I don’t remember much about my high school civics class, but I do remember the day during the last week of my senior year when my teacher spent class giving us his “life tips.”
These tips have stuck with me, even when a solid understanding of the political system has not. Here is a list of the car buying tips my teacher gave me, along with some others from my own experience.
1) Time the market
August to October is normally the time when dealerships receive new inventory and need to make room on the lot. This means fall is a great time to snag a lower price on a brand new car—if you are okay with last year’s model. You can also time your visit to the end of each month, in order to take advantage of sales staff pressured to meet a quota.
2) But if you want a really good deal…don’t buy new
A brand new car depreciates quickly, but buying a few years old means the rate of depreciation has slowed. You also save money on the purchase price which helps you to never owe more than your car is worth.
3) BYOF: Bring your own financing
Stop by your credit union and get pre-approved for the loan first. This way you know how much you can spend, what your monthly payment will be, and what your interest rate will be. This gives you purchasing (and negotiating) power. Plus, your credit union is likely to offer you a much lower rate than the dealer.
4) Get educated
You have to do your research ahead of time. Start by researching the car online at Kelly Blue Book and Edmunds to establish a good understanding of values. Then shop around—check out what prices that car has sold for in your area.
5) Shop your trade-in
You need to be educated on more than the car you are buying. If you have a car to trade in, do some research to ensure you are getting a fair price.
6) Sell your old car yourself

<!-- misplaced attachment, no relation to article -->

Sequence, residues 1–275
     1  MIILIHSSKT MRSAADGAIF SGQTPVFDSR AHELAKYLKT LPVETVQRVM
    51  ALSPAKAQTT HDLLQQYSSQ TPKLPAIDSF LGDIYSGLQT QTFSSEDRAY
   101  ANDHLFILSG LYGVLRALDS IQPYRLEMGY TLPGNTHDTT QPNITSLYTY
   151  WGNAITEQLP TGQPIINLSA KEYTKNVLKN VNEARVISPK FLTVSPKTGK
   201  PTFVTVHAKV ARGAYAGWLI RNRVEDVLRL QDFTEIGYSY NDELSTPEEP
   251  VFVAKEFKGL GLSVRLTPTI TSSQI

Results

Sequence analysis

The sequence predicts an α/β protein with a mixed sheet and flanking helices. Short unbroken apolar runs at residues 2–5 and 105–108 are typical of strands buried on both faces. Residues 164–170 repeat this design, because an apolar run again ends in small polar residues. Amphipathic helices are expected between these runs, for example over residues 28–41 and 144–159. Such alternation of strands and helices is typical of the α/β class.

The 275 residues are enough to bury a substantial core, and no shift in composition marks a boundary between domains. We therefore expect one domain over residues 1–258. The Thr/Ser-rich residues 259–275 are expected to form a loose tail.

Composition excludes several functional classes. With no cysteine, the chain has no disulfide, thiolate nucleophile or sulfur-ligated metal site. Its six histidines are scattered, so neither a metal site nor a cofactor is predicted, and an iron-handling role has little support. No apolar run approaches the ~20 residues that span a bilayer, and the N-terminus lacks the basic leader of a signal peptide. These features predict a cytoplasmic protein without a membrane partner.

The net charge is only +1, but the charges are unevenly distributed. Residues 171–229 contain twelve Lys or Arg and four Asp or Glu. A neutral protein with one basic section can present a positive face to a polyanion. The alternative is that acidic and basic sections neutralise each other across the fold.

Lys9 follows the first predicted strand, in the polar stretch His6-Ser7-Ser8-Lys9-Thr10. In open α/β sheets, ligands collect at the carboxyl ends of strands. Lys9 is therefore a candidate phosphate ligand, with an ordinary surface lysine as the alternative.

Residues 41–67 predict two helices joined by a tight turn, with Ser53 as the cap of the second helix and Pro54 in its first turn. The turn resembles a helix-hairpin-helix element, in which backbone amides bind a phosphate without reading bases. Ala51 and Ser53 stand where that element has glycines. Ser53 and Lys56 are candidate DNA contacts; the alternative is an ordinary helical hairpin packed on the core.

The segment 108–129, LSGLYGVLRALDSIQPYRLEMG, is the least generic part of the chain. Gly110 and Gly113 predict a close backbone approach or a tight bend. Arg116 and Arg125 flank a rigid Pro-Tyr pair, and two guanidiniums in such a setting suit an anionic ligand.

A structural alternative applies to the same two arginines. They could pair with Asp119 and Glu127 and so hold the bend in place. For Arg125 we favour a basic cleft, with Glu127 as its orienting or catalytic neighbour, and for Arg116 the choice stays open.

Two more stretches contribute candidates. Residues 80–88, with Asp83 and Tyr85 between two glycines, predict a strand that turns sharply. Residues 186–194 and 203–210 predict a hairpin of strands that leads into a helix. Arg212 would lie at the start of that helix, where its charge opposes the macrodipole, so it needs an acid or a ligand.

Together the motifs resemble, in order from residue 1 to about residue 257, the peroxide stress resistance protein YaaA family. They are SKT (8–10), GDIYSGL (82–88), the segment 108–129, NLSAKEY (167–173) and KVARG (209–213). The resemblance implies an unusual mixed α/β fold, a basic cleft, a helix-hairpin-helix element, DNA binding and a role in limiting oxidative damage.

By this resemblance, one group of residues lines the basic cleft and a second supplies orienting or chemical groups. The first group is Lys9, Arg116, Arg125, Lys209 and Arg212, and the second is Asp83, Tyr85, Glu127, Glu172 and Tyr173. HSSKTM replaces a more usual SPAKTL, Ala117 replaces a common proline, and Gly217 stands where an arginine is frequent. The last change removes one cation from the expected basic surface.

This is easier if you don’t have a loan on your current car, but do-able either way. You will nearly always get more selling private party than you will on trade-in.
7) Negotiate the vehicle price first
It can be confusing to negotiate the price of the car, your trade in, incentives and add-ons at the same time. A good strategy can be to take one thing at a time. Negotiate the price of the car, get it in writing, then move on to add-ons. Finally, talk about the price they will pay for your trade in.
DO NOT negotiate the monthly payment. Dealers will offer to extend your loan term to get you your magic payment number, but that only means you will pay more in the end.
8) Realize everything is negotiable
Often add-on fees are preprinted on auto contracts (transaction fees, etc…). But don’t be fooled into thinking these are fixed. Everything can be negotiated. You can negotiate to have these fees removed or lowered, or to have them take this fee out of another part of the deal by lowering the purchase price or giving more for your trade-in.
9) Shop over the Internet
It is possible to negotiate pricing and financing via computer. You can even ask for the car to be delivered to you and to sign the paperwork then.
Internet salespeople tend to be compensated more for number of sales, rather than commissions on sales prices, meaning they are more motivated to close deals than to work for the highest price. Internet savings could be as much as $1,000 to $2,000.
Plus you can work the deal when and where it’s convenient for you.
10) Pit dealers against each other
Think of this as reverse eBay—the dealers are competing for you. Contact several dealers over the internet and make it clear you will go with the best price.
You must be very specific about the car you are looking for so they know you are getting equivalent comparisons.
BONUS 11) Don’t get suckered by the finance and insurance department
This is actually where dealers make a lot of their money. Many times, you feel victorious once you have agreed on the purchase price, but then you get to the finance office and get wooed by warranties and service contracts. Know what you need ahead of time, and stick to the plan–another positive of getting a loan pre-approved before you start shopping.
For any additional questions on car buying, or to start the pre-approval process, give us a call at 201-659-3900, or stop by your nearest Liberty Savings branch.